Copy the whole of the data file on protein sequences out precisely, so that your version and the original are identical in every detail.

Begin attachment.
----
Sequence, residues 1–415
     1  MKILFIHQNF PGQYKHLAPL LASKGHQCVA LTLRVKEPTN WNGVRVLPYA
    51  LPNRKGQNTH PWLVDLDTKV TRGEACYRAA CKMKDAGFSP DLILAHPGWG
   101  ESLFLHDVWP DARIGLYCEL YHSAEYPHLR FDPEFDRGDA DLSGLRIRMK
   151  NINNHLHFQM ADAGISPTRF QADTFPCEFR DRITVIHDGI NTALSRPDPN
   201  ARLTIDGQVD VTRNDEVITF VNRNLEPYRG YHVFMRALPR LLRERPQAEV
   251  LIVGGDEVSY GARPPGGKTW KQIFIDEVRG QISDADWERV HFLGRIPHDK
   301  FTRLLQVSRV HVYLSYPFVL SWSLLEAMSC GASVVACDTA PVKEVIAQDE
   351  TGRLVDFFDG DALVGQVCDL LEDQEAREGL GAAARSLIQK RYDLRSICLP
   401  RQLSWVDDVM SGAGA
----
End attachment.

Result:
Sequence, residues 1–415
     1  MKILFIHQNF PGQYKHLAPL LASKGHQCVA LTLRVKEPTN WNGVRVLPYA
    51  LPNRKGQNTH PWLVDLDTKV TRGEACYRAA CKMKDAGFSP DLILAHPGWG
   101  ESLFLHDVWP DARIGLYCEL YHSAEYPHLR FDPEFDRGDA DLSGLRIRMK
   151  NINNHLHFQM ADAGISPTRF QADTFPCEFR DRITVIHDGI NTALSRPDPN
   201  ARLTIDGQVD VTRNDEVITF VNRNLEPYRG YHVFMRALPR LLRERPQAEV
   251  LIVGGDEVSY GARPPGGKTW KQIFIDEVRG QISDADWERV HFLGRIPHDK
   301  FTRLLQVSRV HVYLSYPFVL SWSLLEAMSC GASVVACDTA PVKEVIAQDE
   351  TGRLVDFFDG DALVGQVCDL LEDQEAREGL GAAARSLIQK RYDLRSICLP
   401  RQLSWVDDVM SGAGA